I’ve been part of a unicycle club for about 5 years now. When we were first getting started in 2009 none of us knew what the club would look like. Many non-unicyclists who we discussed unicycles with noted that it would be fun for kids and wondered if we would be juggling too. While it’s true that we’ve had kids learn to ride with us, and we’ve had a couple of people give juggling a try- those are the exceptions, not the norm for what typically goes on with us.
What is typical for us is well more than 50% of our learners have been adults- many without children. Many of our riders don’t seek to perform on their unicycles, they’re just looking to have fun and get some exercise. Many of them ride their unicycles in what would once have been considered non-traditional unicycling environments- i.e. outside on bike paths, roads, and trails. There is nothing wrong at all with doing things in what is considered a traditional pattern if it works. For us though, it hasn’t.
One of the big areas people expect to see unicycling in public is in parades. Sure, our club does 3 parades a year- mainly because they show our support for our sponsors. We’ve been approached about doing many more parades. If someone wants to get people organized to do them, I may attend, but I don’t have an interest in doing any more.
I don’t like parades.
We’ve heard it said, even among some of our members, that parades are a good way to attract new riders. For some clubs, that’s definitely true. For us, not so much. At this point, we’ve had over 100 people learn to ride with us over the past 5 years (I think that’s actually a low estimate). We typically have at least 3 (and as sometimes as many as 12 or 13) people learning with us at the YMCA that are still working on riding without support. I can’t recall anyone who has joined us because they saw us in a parade. On the other hand, we’ve had multiple people join us because they saw us riding on the road, bike path, or through the woods. We’ve had many of those people discover the fun of riding and unicycle and then invite their friends.
I believe that model of riding in parades works well for some groups in some locations. That’s cool. In no way do I mean to say, “The parade model doesn’t work.” I am saying, “I don’t like parades, and they don’t work for me.”
Why would I say that?
1. Parades are full of specialty things that parade watchers can’t do. Sure, there are marching bands and scout troops, but think of all the cool stuff in parades that isn’t being watched just by the parents of the participants. Like Shriners (fezzes are cool) on go karts:
or doing wheelies :
Or the beauty pageant princesses. Or the fire trucks. Seriously, what boy hasn’t wanted to drive the fire truck? Imagine the traffic problems we’d have if everybody who wanted to drive the fire truck did- on a daily basis! When many people watch a parade with unicycles, they lump unicycling into the “Things that are cool, but I can’t do” category.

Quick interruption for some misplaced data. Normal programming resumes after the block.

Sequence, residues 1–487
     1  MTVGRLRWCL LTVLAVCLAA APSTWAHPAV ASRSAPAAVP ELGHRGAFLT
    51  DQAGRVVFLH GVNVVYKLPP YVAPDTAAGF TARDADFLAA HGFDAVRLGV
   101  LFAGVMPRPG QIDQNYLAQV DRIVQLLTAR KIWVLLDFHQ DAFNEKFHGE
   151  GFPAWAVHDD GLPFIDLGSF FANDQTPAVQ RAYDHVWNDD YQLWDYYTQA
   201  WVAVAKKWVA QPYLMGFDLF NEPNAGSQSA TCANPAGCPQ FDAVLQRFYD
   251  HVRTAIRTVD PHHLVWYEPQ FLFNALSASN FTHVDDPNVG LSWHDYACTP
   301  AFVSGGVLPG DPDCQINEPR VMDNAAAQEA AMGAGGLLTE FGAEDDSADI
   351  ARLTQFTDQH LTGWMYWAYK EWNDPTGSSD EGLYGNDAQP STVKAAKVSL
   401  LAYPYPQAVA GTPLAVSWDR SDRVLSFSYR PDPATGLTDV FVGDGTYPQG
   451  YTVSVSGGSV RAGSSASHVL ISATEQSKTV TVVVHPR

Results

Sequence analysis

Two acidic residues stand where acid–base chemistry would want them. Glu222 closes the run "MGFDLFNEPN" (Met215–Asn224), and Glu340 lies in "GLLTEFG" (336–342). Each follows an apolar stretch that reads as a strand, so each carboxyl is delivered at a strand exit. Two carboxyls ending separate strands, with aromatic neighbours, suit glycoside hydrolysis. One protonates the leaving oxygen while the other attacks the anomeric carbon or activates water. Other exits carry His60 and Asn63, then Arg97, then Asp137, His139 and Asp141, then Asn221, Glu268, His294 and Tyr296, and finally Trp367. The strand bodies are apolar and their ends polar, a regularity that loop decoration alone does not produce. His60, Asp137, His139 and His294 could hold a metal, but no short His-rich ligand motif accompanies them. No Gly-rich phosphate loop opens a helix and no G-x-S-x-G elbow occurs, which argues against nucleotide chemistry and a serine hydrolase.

2. Parades are special occasions. The things in parades are for special occasions (except for the fire trucks). Floats don’t cruise main street at 2:30 on just any random Tuesday. Unicycles get pigeon-holed into special occasion vehicles for performance.
3. There’s so much going on in a parade, you’re just another spectacle to beheld for the next minute or two. Sure, you can hand someone a flyer about trying unicycling, but it’s most likely to end up in the trash can, or worse yet, on the ground at the end of the parade. You’ll be forgotten about until the next parade.
4. This one’s personal. I’m tired of hearing “POP A WHEELIE!”
So since I don’t like parades, I don’t like public appearances. Quite the contrary. For us, we’ve found avenues to demonstrate unicycling and allow others to give it a try. We’ve set up demo areas (always with a try it yourself component) at biking events. We meet at the Wheel Mill, a local indoor mountain bike park regularly (mostly Fridays for mUni night). We’re at the local YMCA throughout the winter. It’s free to try. We’ve had many people pop their head in the gym out of curiosity, and once they see all levels of people riding- especially beginners, they stop back later to give it a go. We’ve even been fortunate to go to non-cycling events that are interested in giving people the experience of trying a unicycle (200 people did last Friday at the Carnegie Science Center 21+ night.)
We see unicycles first as cycles, then as unicycles. We’re a subset of what gets pedaled. This perspective has worked for us. We’re not looking to be separate. We think unicycles are fun for everyone and they can be enjoyed most anywhere anything else with pedals can be.
So while we don’t do many parades, and our club demographic is somewhat “non-traditional” as far as unicycling clubs go, we’re not against other clubs’ methods. The way we see it is the more people riding unicycles, the better it is for all of us who do.
If after reading all of this you’re interest is piqued, and you’d like to further check out unicycling with us, click on over to www.butlerwobble.com .
Just don’t ask me to pop a wheelie.